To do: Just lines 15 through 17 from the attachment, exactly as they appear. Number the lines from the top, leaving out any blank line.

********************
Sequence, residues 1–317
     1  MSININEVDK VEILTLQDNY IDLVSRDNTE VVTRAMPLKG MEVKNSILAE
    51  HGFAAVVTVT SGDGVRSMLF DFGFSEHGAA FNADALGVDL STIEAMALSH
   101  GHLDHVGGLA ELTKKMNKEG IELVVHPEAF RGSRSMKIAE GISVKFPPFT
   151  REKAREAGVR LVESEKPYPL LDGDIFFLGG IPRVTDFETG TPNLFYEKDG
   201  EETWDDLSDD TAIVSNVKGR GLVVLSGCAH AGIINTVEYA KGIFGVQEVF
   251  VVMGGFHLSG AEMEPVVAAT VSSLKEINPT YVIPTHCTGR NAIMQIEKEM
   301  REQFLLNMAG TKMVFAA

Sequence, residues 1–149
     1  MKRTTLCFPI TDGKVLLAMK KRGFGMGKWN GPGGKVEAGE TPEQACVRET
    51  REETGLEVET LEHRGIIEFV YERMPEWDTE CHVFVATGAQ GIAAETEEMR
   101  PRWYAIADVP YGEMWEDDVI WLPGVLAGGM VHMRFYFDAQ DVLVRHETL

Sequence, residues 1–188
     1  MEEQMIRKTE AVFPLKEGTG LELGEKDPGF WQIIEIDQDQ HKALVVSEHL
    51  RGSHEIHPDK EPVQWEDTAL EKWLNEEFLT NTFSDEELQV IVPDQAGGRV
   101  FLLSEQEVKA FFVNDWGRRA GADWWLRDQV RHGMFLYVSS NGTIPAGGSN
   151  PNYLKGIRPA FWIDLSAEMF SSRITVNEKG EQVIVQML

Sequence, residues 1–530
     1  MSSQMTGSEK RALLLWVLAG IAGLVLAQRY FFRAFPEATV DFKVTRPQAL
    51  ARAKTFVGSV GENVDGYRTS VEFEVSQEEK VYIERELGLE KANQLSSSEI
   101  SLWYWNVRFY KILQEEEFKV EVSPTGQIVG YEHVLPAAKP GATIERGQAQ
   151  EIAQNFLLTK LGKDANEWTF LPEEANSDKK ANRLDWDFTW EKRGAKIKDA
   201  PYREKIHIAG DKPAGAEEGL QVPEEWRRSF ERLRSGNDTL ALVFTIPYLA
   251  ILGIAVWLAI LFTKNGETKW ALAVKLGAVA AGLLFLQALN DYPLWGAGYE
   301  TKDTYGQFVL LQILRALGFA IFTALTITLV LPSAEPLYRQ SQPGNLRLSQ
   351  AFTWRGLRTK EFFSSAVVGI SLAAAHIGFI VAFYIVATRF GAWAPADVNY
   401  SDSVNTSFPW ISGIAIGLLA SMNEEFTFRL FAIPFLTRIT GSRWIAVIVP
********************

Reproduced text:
    51  RGSHEIHPDK EPVQWEDTAL EKWLNEEFLT NTFSDEELQV IVPDQAGGRV
   101  FLLSEQEVKA FFVNDWGRRA GADWWLRDQV RHGMFLYVSS NGTIPAGGSN
   151  PNYLKGIRPA FWIDLSAEMF SSRITVNEKG EQVIVQML